OPINION: The Olympics debate should challenge our version of Calgary’s best self

"The dialogue is anything but healthy and far from anything that could be described as a conversation."

By Kourtney Branagan – Special to LiveWire Calgary

My heart is broken for Calgary.

As voters we’ve got a due diligence to respond carefully, not react impulsively, to the implications of either hosting or not hosting Calgary 2026. Fundamentally I believe those are both equal parts of the decision – not only what happens if we do, but what happens if we don’t.

From the beginning my gut has screamed YES to the Olympics. Perhaps it’s the nostalgia of a seven-year-old girl from ’88 who has fond (though vague) memories of medal ceremonies at Olympic Plaza, or the TV spot in which Robyn Perry is encouraged to practice running up and down her stairs with a hammer (was this a thing or have I made it up?), or how I love to show my girls my Olympic coin.

Perhaps it’s because I’ve benefitted from the legacy of ’88 – in fact I can’t think of a single facility I haven’t used, the oval, Winsport, Nakiska, Olympic plaza – but I’m acutely aware that this is a position of privilege. I’m fortunate to be able take advantage of these spaces on a regular basis – this isn’t the case for many Calgarians. I need to set aside my positive experiences to truly understand the implications on one million plus people who are affected by this decision.

When I think of how the bid has rolled out I see challenges, often described as ‘secrecy’. I don’t buy this story line. What I bore witness to was not knowing or seeking answers – in part due to lack of resources to fully explore the bid, in part due to a deep uncertainty in our economic situation, and in part a willful ignorance by many to give the file the attention it likely deserved much earlier on.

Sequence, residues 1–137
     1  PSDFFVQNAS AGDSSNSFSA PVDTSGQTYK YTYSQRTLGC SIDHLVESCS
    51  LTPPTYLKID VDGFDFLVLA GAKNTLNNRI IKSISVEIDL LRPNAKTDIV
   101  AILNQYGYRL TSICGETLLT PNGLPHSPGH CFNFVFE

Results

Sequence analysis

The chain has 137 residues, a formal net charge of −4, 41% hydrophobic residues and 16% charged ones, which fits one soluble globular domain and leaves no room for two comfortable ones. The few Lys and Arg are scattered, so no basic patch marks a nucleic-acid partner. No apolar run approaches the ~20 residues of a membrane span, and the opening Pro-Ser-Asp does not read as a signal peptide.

How the conversation carried forward and was framed was no doubt without clear communication and in the beginning, a lot of intention. It’s pretty challenging to pitch a high-stakes, high investment opportunity in the middle of a recession.

What I saw was that as the economy stabilized and grew so did the exploration. Then a fire got lit and the deadlines loomed, and Calgary found themselves in a now-or-never situation. Maybe I’ve got this wrong, but when I actively look back it hasn’t been an easy or clear, but there has always been enough to encourage, promote, and explore the opportunity. Yes, even now with the uncertainty of funding and an ask to kill the bid.

I’m not an economist, and the thought of trying to unpack a three-billion-dollar budget is beyond the scope of what I can numerically and sensibly calculate.  To be honest, I don’t think most people can. I’m trying to be real here; I understand budgets and have worked in them with my business, my community association, and with other companies where I’ve worked. I have done purchasing and sales forecasting.

I think a great number of people think they can figure out three billion dollars based on experiences similar to mine. I can understand on a high level the costs of facilities, security, and infrastructure, but I can’t fathom the price of accessible bathrooms as a result of these decisions or the cost of return on investment in the years to come. I want to be clear, there are smart people in Calgary but when someone close to me said ‘I don’t think we [Calgary] can afford it’, I asked when the last time was that this person worked in such astronomical numbers on a regular basis or had any concrete understanding of the city, provincial, or federal budgets.

As we’ve now established I’m neither economist nor historian/record keeper. That leaves me as an advocate for community, and for Calgary. And guess what: So is every single person on either side of this decision.